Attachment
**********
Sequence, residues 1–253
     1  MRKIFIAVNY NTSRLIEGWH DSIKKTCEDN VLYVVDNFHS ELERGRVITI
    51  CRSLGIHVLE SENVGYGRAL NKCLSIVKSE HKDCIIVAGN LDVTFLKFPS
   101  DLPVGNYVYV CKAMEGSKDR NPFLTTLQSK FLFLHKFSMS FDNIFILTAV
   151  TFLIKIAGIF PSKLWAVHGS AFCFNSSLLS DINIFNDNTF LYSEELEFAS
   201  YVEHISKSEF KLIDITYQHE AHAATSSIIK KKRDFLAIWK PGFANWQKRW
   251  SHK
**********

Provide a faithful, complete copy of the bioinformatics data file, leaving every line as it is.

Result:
Sequence, residues 1–253
     1  MRKIFIAVNY NTSRLIEGWH DSIKKTCEDN VLYVVDNFHS ELERGRVITI
    51  CRSLGIHVLE SENVGYGRAL NKCLSIVKSE HKDCIIVAGN LDVTFLKFPS
   101  DLPVGNYVYV CKAMEGSKDR NPFLTTLQSK FLFLHKFSMS FDNIFILTAV
   151  TFLIKIAGIF PSKLWAVHGS AFCFNSSLLS DINIFNDNTF LYSEELEFAS
   201  YVEHISKSEF KLIDITYQHE AHAATSSIIK KKRDFLAIWK PGFANWQKRW
   251  SHK